Food, whether secular or spiritual, physical or metaphysical, human or nonhuman, has been an important issue throughout the history of this planet. Human history is a long story of appetitive contest with nature and the environment, while consumption is an empowering practice that involves struggle and sacrifice. The matter of food may illuminate or complicate histories of labor, leisure, science, production, ethical considerations, religious discourse and practices, and environmental concerns.

View full article. | Posted in Calls for Papers on Wed, 12/18/2019 - 8:55am by Erik Shell.

Eos: Africana Receptions of Ancient Greece and Rome is excited to invite you to a panel, reception, and showcase at the upcoming SCS Annual Meeting in Washington, DC on the subject of "Black Classicisms in the Visual Arts." We will gather at 5:30pm on Friday, January 3, at 

View full article. | Posted in SCS Announcements on Tue, 12/17/2019 - 12:11pm by Erik Shell.

The Department of Latin Literature at the University of Basel, Switzerland is pleased to invite applications for the first round of the Basel Fellowships in Latin Literature. This visiting fellowship programme offers an opportunity for early career researchers as well as established scholars to pursue their research in the framework of a fully funded visit of up to three months at the Department Altertumswissenschaften of the University of Basel. During their stay, Visiting Fellows are entitled to make full use of the excellent resources of the University Library as well as the departmental library, Bibliothek Altertumswissenschaften, one of the world’s leading research libraries for the study of Ancient Mediterranean Civilizations and Classics.

View full article. | Posted in Awards and Fellowships on Tue, 12/17/2019 - 9:38am by Erik Shell.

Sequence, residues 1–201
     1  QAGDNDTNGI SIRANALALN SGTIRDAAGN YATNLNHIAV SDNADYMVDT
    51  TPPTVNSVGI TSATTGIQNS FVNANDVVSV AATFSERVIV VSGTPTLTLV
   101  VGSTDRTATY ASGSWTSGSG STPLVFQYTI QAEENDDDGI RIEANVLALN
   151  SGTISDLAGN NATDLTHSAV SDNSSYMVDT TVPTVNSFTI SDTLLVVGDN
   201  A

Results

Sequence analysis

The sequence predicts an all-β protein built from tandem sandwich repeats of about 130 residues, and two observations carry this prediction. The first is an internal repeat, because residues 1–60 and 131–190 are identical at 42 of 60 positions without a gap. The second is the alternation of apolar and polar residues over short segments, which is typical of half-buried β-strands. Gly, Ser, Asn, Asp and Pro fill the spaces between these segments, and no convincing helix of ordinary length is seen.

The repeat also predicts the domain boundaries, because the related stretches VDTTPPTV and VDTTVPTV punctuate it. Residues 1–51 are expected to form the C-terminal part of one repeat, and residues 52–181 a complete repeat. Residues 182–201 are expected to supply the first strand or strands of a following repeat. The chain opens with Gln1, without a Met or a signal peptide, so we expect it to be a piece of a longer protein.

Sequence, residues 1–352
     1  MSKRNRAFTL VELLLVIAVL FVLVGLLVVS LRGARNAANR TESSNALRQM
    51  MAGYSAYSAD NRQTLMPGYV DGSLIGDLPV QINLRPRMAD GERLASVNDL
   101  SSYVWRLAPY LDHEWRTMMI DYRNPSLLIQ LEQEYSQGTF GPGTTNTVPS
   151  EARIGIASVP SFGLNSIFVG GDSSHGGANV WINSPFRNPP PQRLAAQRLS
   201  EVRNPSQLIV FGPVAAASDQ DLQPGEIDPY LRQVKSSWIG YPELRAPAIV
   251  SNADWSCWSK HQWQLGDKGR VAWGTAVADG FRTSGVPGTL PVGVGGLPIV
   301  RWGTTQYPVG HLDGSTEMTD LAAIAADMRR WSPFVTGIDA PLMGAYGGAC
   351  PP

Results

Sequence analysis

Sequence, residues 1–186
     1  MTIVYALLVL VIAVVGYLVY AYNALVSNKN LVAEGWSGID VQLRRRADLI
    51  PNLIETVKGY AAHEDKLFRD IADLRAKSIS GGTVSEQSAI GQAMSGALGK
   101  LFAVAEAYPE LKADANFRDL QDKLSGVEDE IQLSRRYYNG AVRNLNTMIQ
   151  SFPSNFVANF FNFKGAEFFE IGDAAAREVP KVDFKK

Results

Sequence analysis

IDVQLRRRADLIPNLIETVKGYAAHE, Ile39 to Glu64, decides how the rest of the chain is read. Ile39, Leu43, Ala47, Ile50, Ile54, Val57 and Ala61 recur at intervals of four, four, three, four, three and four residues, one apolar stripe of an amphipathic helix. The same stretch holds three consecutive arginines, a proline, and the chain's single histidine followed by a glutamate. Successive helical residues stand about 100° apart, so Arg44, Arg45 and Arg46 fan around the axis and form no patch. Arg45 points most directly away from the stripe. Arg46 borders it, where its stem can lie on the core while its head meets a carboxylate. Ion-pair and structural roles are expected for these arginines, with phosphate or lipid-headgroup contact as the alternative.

The 2020 Annual Meeting is just three weeks away.  Both the AIA and SCS are making final arrangements for what we anticipate will be an excellent meeting.  While our registration numbers for the upcoming meeting are looking good, reservations at the hotels are not looking as strong.  While we understand that some attendees will opt to stay with local friends or find a less-expensive accommodation, we rely on hotel reservations to secure the meeting space each year.

Why is it important to book at our official Annual Meeting Hotels?
The AIA and SCS are proud to have produced the Annual Meeting for our professional members for the past 120 years. Financially, we are able to do this by reserving a large block of rooms with a hotel. In exchange, these hotels offer our attendees the guaranteed lowest group rate at the hotel and provide us with complimentary meeting space to hold the meeting. But if we are unable to meet our guaranteed minimum number of registered guests, then the AIA and SCS will have to pay for the unused rooms as well as room rental for the meeting space, which can amount to a severe financial penalty. We request your support by booking within our reserved blocks and helping us continue to produce this meeting for the next 100 years.  

View full article. | Posted in SCS Announcements on Fri, 12/13/2019 - 3:19pm by Erik Shell.